I’m sorry for making you hate your reflection. I’m sorry for making you feel unloved and unworthy and how all of that unworthiness translated into not eating. Now you’re stuck learning how to do all of that again, because once upon a time you ate too little, then too much, and now you have to learn how to find the perfect middle. Learning how to love yourself again is so hard, but I promise it will be so worth it.

I’m sorry for making you believe that your whole identity and lovability was definied by your attractiveness.

I’m sorry for allowing you to become some numb and full of hate that the only relief was found in a knife (or a razor, or scissors. Whatever was convenient).

I’m sorry for making you believe that you weren’t beautiful the way you were, and are, and will continue to be.

I’m sorry for becoming your worst enemy when you needed me to be your biggest advocate. I’m sorry for abandoning you, for causing you to lose yourself when you really needed to be found.

I’m sorry for the tears cried, the blood shed, the scars gained, the pounds lost. I’m sorry for trying to die.

I’m sorry for all of it.

But mostly I’m sorry for taking so long to realize how much I hurt you. I’m sorry for taking so long to apologize. I’m sorry for taking so long to forgive you.

It’s hard to forgive others, and it’s even harder to forgive yourself.

But I’m ready now. I’m ready to say: I forgive you. (I forgive myself.)

Most of all, I’m ready to accept your apology. (I’m ready to accept my own apology.)

I’m ready to step into the future together: past me and present me. I’m ready to combine the two to prepare for future me. I’m ready to learn from my past mistakes and apply them to what I will encounter down the road on the journey ahead.

Because I don’t know where this future leads, but I am ready to take that journey—together.

Open Letter to My Cousin and Every Other Young Girl on the Verge of Womanhood

We celebrated your 14th birthday last night, and after dinner had been eaten, presents opened, candles blown out, and cake devoured, you made a few comments that caused me to worry.

I need to lose some of this (referring to your barely existent stomach).

I can’t fit into last year’s jeans.

I feel bloated.

My butt is too big.

I know these phrases. I’ve heard these phrases. I’ve said these phrases. These phrases became my worst enemy. They ate away at my self-image until I refused to eat.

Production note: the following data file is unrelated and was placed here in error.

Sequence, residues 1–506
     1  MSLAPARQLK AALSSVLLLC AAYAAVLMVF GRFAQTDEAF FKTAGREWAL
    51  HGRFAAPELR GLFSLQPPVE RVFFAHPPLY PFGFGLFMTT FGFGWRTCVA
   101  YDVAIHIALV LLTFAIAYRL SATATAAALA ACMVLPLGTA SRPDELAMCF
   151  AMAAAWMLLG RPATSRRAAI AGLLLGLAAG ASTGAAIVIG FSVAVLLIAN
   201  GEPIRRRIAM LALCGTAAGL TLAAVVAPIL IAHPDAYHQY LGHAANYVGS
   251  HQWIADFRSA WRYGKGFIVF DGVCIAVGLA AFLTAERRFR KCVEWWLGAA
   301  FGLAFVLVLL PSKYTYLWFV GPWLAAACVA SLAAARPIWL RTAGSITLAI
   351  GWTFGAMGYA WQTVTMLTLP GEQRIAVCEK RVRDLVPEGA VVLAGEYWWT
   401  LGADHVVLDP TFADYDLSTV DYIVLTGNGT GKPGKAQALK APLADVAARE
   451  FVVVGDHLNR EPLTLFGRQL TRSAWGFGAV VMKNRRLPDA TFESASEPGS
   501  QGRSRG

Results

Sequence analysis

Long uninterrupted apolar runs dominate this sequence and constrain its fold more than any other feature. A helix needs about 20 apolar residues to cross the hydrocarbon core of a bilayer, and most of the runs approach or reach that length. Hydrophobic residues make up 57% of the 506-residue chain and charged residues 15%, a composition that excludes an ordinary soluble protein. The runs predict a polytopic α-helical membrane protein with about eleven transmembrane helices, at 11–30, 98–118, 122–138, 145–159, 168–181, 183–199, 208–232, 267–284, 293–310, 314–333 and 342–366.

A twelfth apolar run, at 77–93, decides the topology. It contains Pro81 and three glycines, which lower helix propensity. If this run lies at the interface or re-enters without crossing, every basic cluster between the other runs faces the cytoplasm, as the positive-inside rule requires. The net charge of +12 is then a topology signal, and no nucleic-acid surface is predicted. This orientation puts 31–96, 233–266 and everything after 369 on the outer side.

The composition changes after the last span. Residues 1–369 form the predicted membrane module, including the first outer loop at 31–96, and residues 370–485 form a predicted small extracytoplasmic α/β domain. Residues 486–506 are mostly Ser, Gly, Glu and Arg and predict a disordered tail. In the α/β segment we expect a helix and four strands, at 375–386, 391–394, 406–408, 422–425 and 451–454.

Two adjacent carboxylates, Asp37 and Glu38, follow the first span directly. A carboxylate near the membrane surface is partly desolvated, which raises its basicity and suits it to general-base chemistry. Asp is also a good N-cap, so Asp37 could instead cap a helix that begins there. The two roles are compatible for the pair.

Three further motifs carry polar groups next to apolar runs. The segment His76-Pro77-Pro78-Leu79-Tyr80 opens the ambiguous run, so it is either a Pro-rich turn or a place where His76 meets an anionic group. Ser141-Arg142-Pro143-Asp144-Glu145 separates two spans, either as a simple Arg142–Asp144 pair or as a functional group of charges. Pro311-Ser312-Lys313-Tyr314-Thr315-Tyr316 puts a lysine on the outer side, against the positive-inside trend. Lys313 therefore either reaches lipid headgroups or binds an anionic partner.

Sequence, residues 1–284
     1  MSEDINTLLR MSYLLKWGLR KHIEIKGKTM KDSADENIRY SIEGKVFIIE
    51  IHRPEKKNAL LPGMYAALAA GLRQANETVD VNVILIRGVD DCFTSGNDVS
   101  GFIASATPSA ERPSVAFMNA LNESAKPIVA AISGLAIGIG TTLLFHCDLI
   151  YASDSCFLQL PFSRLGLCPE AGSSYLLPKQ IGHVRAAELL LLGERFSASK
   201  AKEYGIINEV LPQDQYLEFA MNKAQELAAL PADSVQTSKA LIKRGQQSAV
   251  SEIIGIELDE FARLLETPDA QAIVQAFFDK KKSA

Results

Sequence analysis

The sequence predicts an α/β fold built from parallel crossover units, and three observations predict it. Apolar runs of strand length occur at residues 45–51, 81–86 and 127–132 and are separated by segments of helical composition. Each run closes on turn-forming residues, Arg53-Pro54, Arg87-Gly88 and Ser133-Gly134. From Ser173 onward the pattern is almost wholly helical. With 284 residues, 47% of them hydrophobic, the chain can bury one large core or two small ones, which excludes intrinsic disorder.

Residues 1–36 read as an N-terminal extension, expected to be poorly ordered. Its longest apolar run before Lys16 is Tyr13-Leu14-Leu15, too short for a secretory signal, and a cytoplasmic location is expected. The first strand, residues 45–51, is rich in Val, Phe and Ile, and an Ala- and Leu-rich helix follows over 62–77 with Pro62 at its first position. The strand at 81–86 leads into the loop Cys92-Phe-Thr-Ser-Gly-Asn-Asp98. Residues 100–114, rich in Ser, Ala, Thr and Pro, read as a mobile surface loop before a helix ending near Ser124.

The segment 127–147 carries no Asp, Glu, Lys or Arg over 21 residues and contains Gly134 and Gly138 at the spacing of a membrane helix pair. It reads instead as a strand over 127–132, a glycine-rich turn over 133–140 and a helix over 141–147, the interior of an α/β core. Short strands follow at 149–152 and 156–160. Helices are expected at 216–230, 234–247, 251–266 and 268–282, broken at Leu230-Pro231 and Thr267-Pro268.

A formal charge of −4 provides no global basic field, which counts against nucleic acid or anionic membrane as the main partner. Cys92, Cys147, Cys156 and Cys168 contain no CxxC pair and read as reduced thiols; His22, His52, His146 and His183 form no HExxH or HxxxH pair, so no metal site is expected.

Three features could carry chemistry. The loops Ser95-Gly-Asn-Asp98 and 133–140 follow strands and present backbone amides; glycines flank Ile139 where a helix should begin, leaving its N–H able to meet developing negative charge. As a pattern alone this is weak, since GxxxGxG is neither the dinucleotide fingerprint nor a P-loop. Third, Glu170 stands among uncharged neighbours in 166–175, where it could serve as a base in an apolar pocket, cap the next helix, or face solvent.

I thought that in order to be beautiful, I had to look a certain way. I knew I never would look this way because it’s not in my DNA, but I tried to anyway.

I tried to make myself smaller to fit in the box labelled ‘Perfection.’

I was willing to give up my individuality, what makes me me, to gain a definition of beauty that I realize now I don’t want to fit.

And I’m not saying you’re going to be like this.

I’m not saying you’ll struggle with an eating disorder. I’m hoping you don’t. But I’m saying to you, watch out. Eating disorders are uncomfortably common in society today, and it’s easier to fall into their trap than you think it is.

I never thought it would happen to me.

Unfortunately, it did. I started to believe the whispers in my head that told me I wasn’t beautiful enough.

It starts with a whisper, and then it escalates to a scream in your head that you’re not beautiful enough.

And not everybody develops eating disorders, but everybody compares themselves to others.

If I had her legs, her face, her hips, her hair, maybe I’d be beautiful.

It starts with comparing, but it can escalate from there, which can be extremely dangerous.

So, when I hear you make comments like this, I have to respond.

I need to lose some of this (referring to your barely existent stomach).

I can’t fit into last year’s jeans (it’s called “growing up”).

I feel bloated (did you know your weight can change from day-to-day?).

My butt is too big (it’s not too big. You’re getting hips. You’re a woman, not a 2×4).

One day, you’re a girl. The next day, you’re on the verge of womanhood. And society is so quick to rush the process along, we forget to teach you that it’s ok to take your time. It’s ok to not look like everybody else.

It starts with that wonderful (but not-so-secretly terrible) gift that Mother Nature gives us every month. Then it moves to developing breasts and hips. Your clothes stop fitting the way they used to. You’re becoming a woman, and it’s terrifying.

You move from child to woman overnight, and suddenly you’re wearing adult clothes. One day, you wake up, look in the mirror, and see your mother. When did this happen?

You see all these magazines and movies with women who don’t look like you. And that’s ok. We can’t all look the same.

You’re beautiful anyway.

You’re beautiful despite your insecurities (and it’s ok to be insecure. We all are at times).

You’re beautiful despite, and because of, your imperfections.